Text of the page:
J. S. Bach did some truly amazing things in his lifetime, not the least of which was writing a significant number of motets for use throughout the church year. These motets were typically for four-part choir, sometimes four-part-plus-four-part double choir, and sometimes five-part choir. These were generally accompanied by a small string orchestra or by organ, but since all the accompaniment typically did was double the vocal parts, these pieces are equally effective, some would say more effective, when sung unaccompanied.
What has happened here is to take a couple of small sections of Bach's best-known five-part motet, Jesu Meine Freude, BWV 227, and rearrange them to create a piece that is musically complete and more suited in length to concert performance or use in a worship service.
Bach's work was for a choir with two soprano sections, alto, tenor and bass. Our string orchestra arrangement can be used with this piece to provide accompaniment for a larger choir if desired (other instrumental arrangements on this site are not in the same key).
The lyric of the fugue and adagio chorale (BWV 227, No. IV) are from the writings of Paul: "Ye are not of the flesh, but of the Spirit, if in your heart the Spirit abideth. If Jesu's Spirit be not yours, ye are not His." Romans 8:9.
This is one of the occasions on which the original German of BWV 227, "Jesu Meine Freude," translates very well to English.
Bach is probably best known today for writing fugues. Perhaps he was the best ever at it, perhaps he elevated it to an unprecedented realm, perhaps he just managed to pack so much into a fugue that it was almost overwhelming. Whatever the reason, Bach fugues are really something special. In this one, he expounds on the text, bringing forth subject and answer, second theme and answer, and then mixing the stew thoroughly and adding pedal point approaching the ritard.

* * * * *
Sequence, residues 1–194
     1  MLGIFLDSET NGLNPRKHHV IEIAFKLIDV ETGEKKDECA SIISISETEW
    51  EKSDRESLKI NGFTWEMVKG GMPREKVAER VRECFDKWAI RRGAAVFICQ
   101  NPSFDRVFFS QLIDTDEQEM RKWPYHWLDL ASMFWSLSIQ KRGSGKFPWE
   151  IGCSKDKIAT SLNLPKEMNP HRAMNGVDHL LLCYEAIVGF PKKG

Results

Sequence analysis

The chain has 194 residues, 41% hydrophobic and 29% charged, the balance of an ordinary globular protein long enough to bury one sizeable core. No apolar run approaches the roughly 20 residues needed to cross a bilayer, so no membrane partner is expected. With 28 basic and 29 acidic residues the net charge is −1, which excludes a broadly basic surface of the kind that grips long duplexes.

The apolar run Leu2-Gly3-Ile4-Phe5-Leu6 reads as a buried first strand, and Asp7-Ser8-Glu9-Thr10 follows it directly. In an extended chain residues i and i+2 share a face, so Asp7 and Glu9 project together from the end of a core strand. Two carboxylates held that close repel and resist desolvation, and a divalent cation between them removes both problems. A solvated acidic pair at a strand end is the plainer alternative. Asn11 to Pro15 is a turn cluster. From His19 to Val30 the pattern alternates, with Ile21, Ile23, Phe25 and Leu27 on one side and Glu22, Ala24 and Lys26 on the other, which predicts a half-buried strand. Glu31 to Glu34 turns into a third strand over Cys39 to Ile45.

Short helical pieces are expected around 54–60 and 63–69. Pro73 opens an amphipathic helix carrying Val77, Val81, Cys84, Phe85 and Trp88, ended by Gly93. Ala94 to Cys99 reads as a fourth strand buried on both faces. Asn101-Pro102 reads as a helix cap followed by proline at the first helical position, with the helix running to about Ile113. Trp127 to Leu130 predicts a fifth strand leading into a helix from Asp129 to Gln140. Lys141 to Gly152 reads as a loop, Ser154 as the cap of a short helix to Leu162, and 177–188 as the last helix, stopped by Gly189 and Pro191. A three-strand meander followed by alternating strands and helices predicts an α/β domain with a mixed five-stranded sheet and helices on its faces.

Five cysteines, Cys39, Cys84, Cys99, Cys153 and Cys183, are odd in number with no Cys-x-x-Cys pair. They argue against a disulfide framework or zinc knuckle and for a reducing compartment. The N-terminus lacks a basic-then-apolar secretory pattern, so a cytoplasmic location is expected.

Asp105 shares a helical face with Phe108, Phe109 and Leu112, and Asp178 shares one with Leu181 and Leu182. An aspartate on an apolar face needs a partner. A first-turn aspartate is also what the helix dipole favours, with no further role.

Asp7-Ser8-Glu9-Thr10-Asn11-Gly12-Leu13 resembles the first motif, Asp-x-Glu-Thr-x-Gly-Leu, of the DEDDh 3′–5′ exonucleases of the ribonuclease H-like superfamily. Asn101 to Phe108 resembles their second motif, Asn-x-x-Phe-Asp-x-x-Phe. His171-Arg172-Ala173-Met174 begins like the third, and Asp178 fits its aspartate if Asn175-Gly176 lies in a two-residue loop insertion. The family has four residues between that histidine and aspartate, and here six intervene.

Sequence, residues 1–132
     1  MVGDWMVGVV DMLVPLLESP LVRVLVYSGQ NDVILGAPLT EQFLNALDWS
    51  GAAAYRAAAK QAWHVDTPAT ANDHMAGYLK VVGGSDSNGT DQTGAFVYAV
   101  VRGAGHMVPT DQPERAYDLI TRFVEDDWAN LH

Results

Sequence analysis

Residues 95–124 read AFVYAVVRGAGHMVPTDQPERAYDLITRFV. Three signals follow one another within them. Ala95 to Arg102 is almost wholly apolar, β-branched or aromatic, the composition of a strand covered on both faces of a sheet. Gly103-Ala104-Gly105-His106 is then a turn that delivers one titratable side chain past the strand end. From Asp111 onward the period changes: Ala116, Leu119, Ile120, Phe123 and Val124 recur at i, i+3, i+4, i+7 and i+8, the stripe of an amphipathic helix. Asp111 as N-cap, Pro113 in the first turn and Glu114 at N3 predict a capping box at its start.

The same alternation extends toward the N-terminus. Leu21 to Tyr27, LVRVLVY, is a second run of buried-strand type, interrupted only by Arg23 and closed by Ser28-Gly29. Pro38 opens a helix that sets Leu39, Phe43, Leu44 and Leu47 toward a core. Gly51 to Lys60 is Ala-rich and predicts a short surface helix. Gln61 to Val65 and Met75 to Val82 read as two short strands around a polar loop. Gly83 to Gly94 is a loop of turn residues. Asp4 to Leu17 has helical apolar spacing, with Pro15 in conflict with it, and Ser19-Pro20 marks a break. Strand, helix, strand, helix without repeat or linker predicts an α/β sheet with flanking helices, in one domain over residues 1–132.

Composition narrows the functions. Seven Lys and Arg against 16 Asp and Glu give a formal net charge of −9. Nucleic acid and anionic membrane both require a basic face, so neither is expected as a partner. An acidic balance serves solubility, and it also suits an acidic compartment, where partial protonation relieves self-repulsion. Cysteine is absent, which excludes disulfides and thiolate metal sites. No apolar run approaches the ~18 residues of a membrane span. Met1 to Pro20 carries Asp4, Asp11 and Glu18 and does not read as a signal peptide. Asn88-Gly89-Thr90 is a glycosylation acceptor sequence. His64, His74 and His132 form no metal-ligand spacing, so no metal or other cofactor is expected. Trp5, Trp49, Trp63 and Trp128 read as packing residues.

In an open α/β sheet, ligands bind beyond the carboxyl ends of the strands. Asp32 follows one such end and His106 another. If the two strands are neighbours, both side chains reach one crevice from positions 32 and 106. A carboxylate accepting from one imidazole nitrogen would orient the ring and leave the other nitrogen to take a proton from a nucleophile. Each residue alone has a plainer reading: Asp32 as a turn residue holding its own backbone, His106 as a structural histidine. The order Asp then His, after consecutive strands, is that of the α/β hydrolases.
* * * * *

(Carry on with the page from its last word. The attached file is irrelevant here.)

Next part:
It is interesting to listen to Bach while reading a score, as you keep finding neat new things in his works. In this fugue, for example, the altos have a couple of very slick synchopated sections, and the tenors do some truly amazing acrobatics to keep part motion up to Bach's standards. The second soprano part is also intersting because it keeps emerging as the lead line, that is, once it gets started in the twelfth measure.
The adagio chorale is notable for its use of connecting lines where one after another part will solo while the rest of the choir rests between phrases. It is quite expressive, and produces an amazing effect if performed thoughtfully.
The tune and lyric for the chorale (BWV 227, No. III) are from a hymn by Johann Crueger.
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In Thine arm I rest me, Foes who would molest me
Cannot reach me here.
Though the earth be shaking, Ev'ry heart be quaking,
Jesus calms my fears.
Fires may flash and thunders crash,
Yea, and sin and hell assail me,
Jesus will not fail me.
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The words used here are an English transliteration. I do not call it a translation, as a literal translation would not have a reasonable syllable count and could not possibly convey the meaning in a muscially expressive way, as compared to these lyrics. This particlar set of lyrics is completely unmodernized from the oldest English translation of which I am aware, probably by Catherine Winkworth in 1863 (the original German text appears to have been penned by J. Franck in 1655). It is as it appears in several hymnals of about a century ago.
MP3 sound sample: Minnehaha Academy Singers, 1977
Since the singers performed the motet in movement-number order in this single-microphone live-concert recording, the chorale (III) was performed before the fugue and adagio chorale (IV). The fugue was pitched by the tenors themselves from the last chord of the chorale. This MP3 was created with the movements rearranged as they appear in this piece of sheet music. This means that in this MP3, the first note in this piece was literally pitched from the last note in this piece, and the new splice is between the adagio chorale and the hymn stanza. It is a testimony to Harry Opel's teaching of choral singing that there is no perceptible pitch difference between the movements. The Singers are students at Minnehaha Academy's high school in Minneapolis, Minnesota, USA.
FUGUE AND TWO CHORALES OF J. S. BACH, arranged as a concert piece for SSATB choir by Tom Kirkland, comes in a pdf file of 761K, with an eleven-page score and a license page, twelve pages in all. Performance time should be about 4:20.